I was fifteen when my future husband, himself a teenager, taught me to drive his ’57 Chevy.  The day I turned sixteen I passed the driver’s test, even parallel parked successfully and proudly received my first drivers license.  That was a mere 60 years ago.    

I remember being a confident, even cocky, driver pulling out in traffic and claiming the fast lane with gusto, I  drove 10 MPH over the speed limit (the Tucson standard).  I could drive ‘four on the floor’ with the best of them and even double clutch it if there was an empty quarter mile ahead. Let’s face it, I was HOT.

My dad let me drive our 1950 Dodge, (not so hot) but Old Blue was a great car that resembled a tank.  It was in pretty good shape until I was trying to back it out of the driveway.  In my defense, the driveway was long and very narrow with a six foot privet hedge on one side and the neighbor’s patio wall on the other.   It wasn’t easy to pull  ‘Old Blue’ into the parking spot and worse attempting to back it out.  Trying not to run over dad’s prized hedge I got Old Blue hung up on the wall.  The scrapping noise as I tried to pull forward then back up was awful.  I think that’s what brought dad flying out of the house.  There was a lot of yelling and crying.    

When did it all end? Now I’m one of those little old ladies behind the wheel. You’d recognize me, the little lady with the extra cushion on the seat so I can see over the steering wheel. With my hands firmly grasping the wheel at 10 and 2, I drive five miles under the speed limit in the left lane, eschewing turn signals, because I’m never giving up my spot in this lane.  

Like most older folks, my head doesn’t turn as far, or a quickly as it used to.  A couple of years ago, I decided it would be prudent to back up very slowly to give the pedestrians in the parking lot a fighting chance.  I figure if I move slowly enough they have time to mosey out of the way or run for their life, whichever the case may be. 

 I back out of a parking space at three and a half miles an hour, afraid to back too far lest I bump into something. Consequently, I never seem to back up far enough to actually turn the wheel to move forward but I try it anyway.  My head swivels back and forth like a wind shield wiper trying to make sure no one snuck in behind me as I try reverse again.  Finally I crank the wheel and barely miss the bumper of the car parked next to me as I creep forward.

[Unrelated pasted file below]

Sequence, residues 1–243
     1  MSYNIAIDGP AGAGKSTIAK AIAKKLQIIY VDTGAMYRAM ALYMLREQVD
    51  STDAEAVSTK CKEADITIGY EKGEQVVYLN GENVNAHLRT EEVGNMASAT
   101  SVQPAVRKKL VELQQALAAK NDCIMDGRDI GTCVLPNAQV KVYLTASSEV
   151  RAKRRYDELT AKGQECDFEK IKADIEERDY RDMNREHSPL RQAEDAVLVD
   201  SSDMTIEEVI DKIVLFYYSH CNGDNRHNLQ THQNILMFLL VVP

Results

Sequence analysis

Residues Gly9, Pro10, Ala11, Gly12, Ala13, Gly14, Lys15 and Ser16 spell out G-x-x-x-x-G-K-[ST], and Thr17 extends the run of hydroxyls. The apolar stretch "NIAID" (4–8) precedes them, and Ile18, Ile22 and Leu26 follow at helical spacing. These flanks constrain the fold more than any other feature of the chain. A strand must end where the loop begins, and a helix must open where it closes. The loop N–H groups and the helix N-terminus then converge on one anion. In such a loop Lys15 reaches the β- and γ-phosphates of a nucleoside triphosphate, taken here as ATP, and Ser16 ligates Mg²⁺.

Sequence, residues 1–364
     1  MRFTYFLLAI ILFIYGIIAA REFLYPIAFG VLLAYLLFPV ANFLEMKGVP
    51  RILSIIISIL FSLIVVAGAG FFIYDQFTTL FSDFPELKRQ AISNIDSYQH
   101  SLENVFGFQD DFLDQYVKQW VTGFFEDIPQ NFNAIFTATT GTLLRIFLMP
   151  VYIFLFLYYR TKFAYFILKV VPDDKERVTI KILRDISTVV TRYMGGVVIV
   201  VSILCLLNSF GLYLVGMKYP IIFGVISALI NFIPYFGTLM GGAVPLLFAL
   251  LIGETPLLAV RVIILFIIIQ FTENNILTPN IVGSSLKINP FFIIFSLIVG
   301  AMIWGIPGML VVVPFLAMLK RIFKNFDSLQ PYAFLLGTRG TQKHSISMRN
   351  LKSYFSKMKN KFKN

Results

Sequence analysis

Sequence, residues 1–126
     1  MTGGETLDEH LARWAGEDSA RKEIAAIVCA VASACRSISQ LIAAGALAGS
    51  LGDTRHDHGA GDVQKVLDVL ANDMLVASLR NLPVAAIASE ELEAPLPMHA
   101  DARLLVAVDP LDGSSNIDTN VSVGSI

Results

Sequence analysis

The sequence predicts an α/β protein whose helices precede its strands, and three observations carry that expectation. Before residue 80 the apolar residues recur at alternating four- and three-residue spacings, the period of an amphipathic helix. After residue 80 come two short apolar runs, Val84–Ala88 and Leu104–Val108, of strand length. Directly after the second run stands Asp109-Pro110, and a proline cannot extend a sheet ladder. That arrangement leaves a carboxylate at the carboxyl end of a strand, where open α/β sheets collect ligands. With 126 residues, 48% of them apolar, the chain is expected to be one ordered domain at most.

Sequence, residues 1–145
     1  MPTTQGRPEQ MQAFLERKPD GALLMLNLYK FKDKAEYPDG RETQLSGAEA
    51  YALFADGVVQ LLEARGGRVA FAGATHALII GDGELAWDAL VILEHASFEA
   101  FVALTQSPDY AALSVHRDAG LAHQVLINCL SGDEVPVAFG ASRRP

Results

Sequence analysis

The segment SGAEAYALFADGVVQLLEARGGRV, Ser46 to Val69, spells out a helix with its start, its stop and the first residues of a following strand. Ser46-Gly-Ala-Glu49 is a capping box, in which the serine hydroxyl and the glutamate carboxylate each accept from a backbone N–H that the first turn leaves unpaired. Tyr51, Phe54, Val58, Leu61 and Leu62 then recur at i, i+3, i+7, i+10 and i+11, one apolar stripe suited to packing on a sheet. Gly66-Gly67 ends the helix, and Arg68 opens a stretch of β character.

Who ever designed the modern cars never considered old people might be driving them.  I have a nice car but apparently it doesn’t have front fenders, at least, I’ve never seen them from the driver’s seat.  Don’t get me started on the head rests, they are taller than my head, therefore their only purpose must be to obstruct my view.  

I recently started counting right turns. If I make one left out of my neighborhood I can make two rights to Target.  I  search the parking lot for pull through space so I don’t have to do that pesky backing thing.    In order to find that spot I have to park at least a block from the entrance to the store, my Fitbit cheers me on.     

 I’ve started avoiding certain intersections.  You know the ones with the tricky traffic configuration.  Coming home from my sisters house I encounter an unusual entrance into the flow of traffic from the left.  The cars bearing down on me from the right can’t be seen in my mirror because of the angle. I have to travel at least a block before seeing the Pepsi truck trying to tag my bumper.   A traffic light is at the end of that block, if it’s red, I pray the Pepsi driver isn’t busy texting.

 My next move requires a right turn,  if I can build up enough speed by jumping the light I might be able to maneuver across three lanes of traffic into the right lane in time to make the next light.  The next intersection has a clever ‘yield’ right slide through. I’ve seen cars roar up to this yield and slam on the brakes when they realize crossing traffic is bearing down on them.   If I’m the second car watching the traffic I never assume the car in front of will actually go when I think it is clear, I’ve learned to never take my foot off the break and start creeping up.    The jolt when you to slam on the brake is unnerving.  This whole stressful mile is enough to make me remap my driving route.    

I guess it is all a confidence thing.  When we are young we think we are invincible and have the reflexes of a cat.   At my age I understand  vulnerability and my reflexes more closely resemble a sloth.

My sister is still driving at 88, she’s considering giving up her car at 90 but she is leaving the option open.   Admittedly her sojourns into traffic are no farther than the dollar store and the  doctor’s office but still, she is pretty awesome.    

3 replies
  1. Glenn Gilmore
    Glenn Gilmore says:

    Wow you wore me out just getting to Target, it reminds me why I never
    drive behind anyone whose head that isn’t higher than their head rest.

    Reply
  2. Cindy Lutz
    Cindy Lutz says:

    Another good read Carrie. I too am a bit short in stature. My sons always tease me that they can’t see me if I’m drivings. They say it looks like there is no driver. I hope I will still be able to drive up thru my 90s. That’s pretty good. On our way to NM and so far my driver, Bob, is behind the wheel but when he gets tired, I’ll be ready to go. Fortunately just a few seat and mirror adjustments as Bob is only about 7 inches taller.
    All the best to you and Monty

    Reply
    • Carrie Bonello
      Carrie Bonello says:

      I don’t remember having to look through the steering wheel in Old Blue, I must have been a lot taller in those days!
      Another fun road trip for your guys. Be safe and have fun!

      Reply

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